Learning Path for Developers & IT Professionals to become a Data Scientist
This guide to meant to help web developers, software engineers and other IT industry people to transition into analytics / data science industry.
Last week, I was taking a guest lecture with one of the well known institutes in India. Rather (un)surprisingly, more than 60% of the students comprised of experienced IT Professionals. Most of them are facing a common problem, “I have been in IT / software / web development for more than a few years and want to up-skill myself in analytics. I have taken a few MOOCs and have tried using a few books / platforms. Still, I don’t get it what should I do next?”
This scenario is not very different from several learnups / meetups we have conducted over the last year. In order to help these people as much as I can, I’ve created this comprehensive career guide to get you quickly started with data science. Once you finish reading this post, you would know the next steps in making a transition.
Self-assessment: A summary of where you stand
Let me explain the set of skills (eventually advantages) which I expect every good IT professional to have:
- Coding Experience: If you are comfortable with programming, you can focus on understanding the concepts and solving the problems. This can be a huge benefit in the initial days. Even though you might not have experience in languages used in data science, you still have an advantage as you understand the concepts like indexes, functions, objects, referencing etc.
- Logical Thinking: Data Scientists are logical. They make data based decisions. So, would you! Coding requires logic. Be it the programming logic. Your brain is accustomed to think that way. Definitely a plus point for you!
- Numerical Ability: Mathematics forms the core of data science. To be good with numbers is the biggest achievement one could get. I’ve seen that people who are good at coding are also good with numbers.
- Database Knowledge: IT professionals are known to have good knowledge of database. This knowledge is immensely helpful for data scientist to quickly obtain data from database teams.
On the other hand, you can be fooled to believe that data science is about learning a few more tools. Just like in programming, knowing a few languages or frameworks would not make you a good software engineer. What differentiates a good analyst from a bad one is the problem solving and structured thinking skills. Tools are just a way to implement this thinking. Hence, I recommend people to just pick one tool depending on their convenience and then focus on getting hands on experience.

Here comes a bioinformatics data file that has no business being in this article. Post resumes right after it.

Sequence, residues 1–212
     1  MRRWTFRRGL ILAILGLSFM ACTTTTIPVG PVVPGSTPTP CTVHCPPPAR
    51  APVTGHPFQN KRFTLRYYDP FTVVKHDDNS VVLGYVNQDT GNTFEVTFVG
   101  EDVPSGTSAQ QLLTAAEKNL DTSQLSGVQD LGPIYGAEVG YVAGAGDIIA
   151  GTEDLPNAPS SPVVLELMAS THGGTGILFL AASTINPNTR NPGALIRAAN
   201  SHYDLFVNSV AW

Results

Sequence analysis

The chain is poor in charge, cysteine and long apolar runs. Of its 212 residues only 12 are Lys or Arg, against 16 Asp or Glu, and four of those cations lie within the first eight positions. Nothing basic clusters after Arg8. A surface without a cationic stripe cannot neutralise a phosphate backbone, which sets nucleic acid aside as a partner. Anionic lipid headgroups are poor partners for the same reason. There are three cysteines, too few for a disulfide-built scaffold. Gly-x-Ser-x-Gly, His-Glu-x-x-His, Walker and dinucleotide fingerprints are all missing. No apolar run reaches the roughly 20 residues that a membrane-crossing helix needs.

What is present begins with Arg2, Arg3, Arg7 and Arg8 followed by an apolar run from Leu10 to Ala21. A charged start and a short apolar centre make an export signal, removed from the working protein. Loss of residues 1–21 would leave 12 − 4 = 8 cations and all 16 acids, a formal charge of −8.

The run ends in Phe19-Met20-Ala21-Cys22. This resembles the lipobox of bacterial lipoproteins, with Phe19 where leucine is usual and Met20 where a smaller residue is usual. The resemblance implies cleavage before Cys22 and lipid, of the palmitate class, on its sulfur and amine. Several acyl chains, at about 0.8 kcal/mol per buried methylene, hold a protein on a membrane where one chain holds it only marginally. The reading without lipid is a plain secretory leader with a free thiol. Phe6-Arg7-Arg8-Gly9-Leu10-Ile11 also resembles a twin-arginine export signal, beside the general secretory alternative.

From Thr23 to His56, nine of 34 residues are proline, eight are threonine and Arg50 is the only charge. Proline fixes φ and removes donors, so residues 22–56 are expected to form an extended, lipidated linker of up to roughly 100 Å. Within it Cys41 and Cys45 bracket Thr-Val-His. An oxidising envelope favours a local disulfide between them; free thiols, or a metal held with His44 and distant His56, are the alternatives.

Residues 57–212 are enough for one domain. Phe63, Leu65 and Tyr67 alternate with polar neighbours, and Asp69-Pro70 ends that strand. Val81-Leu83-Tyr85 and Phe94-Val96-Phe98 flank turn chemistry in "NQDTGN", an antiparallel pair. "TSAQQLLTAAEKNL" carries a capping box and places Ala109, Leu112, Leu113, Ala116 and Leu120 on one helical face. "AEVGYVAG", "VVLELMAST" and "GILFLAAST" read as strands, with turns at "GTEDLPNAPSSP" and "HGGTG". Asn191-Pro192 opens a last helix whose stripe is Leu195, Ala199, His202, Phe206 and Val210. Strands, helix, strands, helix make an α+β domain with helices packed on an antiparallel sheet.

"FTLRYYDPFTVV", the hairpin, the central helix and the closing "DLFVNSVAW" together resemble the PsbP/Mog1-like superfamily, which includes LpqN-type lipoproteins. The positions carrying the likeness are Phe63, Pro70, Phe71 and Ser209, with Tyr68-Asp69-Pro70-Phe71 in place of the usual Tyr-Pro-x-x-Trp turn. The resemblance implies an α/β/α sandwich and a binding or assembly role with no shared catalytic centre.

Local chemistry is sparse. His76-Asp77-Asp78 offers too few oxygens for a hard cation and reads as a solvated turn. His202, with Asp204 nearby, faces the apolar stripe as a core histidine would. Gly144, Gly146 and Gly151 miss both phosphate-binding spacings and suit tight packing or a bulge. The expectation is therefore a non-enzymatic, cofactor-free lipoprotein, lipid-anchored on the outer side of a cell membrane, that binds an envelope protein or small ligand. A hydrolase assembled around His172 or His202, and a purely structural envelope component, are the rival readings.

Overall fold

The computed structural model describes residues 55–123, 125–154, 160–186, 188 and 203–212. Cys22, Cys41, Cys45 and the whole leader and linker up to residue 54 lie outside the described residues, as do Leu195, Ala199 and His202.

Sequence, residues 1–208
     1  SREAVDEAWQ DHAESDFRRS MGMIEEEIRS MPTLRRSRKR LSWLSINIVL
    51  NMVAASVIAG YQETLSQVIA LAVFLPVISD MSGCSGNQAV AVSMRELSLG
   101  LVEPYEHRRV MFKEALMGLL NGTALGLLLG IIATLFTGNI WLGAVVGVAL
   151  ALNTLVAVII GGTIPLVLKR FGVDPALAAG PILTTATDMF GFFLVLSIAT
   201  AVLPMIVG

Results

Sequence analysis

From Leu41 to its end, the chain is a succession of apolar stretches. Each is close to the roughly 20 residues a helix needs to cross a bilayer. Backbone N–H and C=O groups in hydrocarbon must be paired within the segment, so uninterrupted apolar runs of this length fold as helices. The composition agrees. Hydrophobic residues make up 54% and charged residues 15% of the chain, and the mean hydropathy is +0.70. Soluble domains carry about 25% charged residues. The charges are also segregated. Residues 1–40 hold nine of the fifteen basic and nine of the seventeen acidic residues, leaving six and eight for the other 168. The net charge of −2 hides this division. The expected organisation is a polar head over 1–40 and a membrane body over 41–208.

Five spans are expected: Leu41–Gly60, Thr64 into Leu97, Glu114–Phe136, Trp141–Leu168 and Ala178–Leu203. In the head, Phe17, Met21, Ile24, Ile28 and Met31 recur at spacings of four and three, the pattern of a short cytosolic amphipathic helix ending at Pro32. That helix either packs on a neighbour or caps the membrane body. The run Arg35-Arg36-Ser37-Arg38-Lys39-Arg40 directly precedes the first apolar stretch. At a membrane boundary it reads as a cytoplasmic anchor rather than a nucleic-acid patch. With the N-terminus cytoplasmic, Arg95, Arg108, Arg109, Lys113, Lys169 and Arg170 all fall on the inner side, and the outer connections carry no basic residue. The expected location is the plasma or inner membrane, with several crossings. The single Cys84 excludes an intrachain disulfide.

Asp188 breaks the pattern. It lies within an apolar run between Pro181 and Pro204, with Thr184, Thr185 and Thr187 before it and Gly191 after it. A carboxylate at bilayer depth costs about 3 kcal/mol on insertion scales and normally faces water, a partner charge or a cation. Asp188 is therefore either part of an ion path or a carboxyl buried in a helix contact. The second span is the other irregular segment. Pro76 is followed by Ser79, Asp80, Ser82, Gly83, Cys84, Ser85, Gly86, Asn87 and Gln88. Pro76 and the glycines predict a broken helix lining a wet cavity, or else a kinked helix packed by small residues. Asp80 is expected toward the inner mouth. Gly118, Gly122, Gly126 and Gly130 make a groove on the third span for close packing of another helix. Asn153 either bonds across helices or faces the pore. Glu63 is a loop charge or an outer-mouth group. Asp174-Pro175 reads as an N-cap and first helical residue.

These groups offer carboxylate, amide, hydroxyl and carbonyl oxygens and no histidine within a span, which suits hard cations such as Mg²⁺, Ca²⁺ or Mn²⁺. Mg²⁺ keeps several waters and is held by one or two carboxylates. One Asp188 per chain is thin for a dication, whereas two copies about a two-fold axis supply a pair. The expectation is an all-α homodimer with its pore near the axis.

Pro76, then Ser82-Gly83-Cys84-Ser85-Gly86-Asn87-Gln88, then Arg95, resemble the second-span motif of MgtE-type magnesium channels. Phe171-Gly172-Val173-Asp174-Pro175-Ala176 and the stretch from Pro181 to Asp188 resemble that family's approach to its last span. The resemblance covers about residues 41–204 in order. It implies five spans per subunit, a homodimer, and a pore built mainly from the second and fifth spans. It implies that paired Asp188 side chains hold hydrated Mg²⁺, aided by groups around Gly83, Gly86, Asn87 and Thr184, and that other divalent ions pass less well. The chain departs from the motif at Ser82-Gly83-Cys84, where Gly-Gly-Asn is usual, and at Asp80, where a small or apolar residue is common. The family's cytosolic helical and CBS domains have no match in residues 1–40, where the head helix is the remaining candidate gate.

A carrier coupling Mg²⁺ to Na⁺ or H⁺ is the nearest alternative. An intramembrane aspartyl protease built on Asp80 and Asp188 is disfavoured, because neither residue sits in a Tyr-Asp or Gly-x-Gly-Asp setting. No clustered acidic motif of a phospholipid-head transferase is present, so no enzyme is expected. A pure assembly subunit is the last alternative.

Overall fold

Here are the areas you need to focus on going forward:
- Structured Thinking: Structured thinking refers to the art of taking an ambiguous problem and then putting a structure around it. Remember those days, when you got a very loosely / generically written requirements document from a client? This is bound to happen often in analytics. Your clients and stakeholders will tell you the business problem and you will be expected to put a structure around it and solve it using data science.
- Math & Statistics: You should know some basics of statistics, algebra and numerical inferences to start with. You can enrich this further over time.
- Domain knowledge: As a data scientist, you would need to know the domain very closely. Why is a particular process being done that way? If you are in banking, you need to understand why risk management is important and what are some of the common terms used in the industry. You need to spend some time understanding the domain and current processes.
- Presentation skills: As a developer, you are mostly good as long as you can explain your code to fellow developers. Not all developers need to co-ordinate with the client and present their solutions to the client directly. On the other hand, a data scientist / analyst would need to present his / her findings in a manner which is easy and exciting for the business.
- Technical Data Science skills: Starting from ways and biases which can arise in data collection, cleaning to the predictive modeling and implementation of data science solutions – you will need to pick all of it in coming days.
Where should you start ?
The problem in today’s world is the problem of plenty. I am sure you couldn’t agree more. Try searching for resources on Internet for R / Python / Data Science and you end up with a long list of resources. Talk to a few people who have made the transition and they would add a few more resources, which worked for them. If you are an avid reader, you can add a few books and blogs over and above this. Check out the platforms offering MOOCs and you can see a few good courses.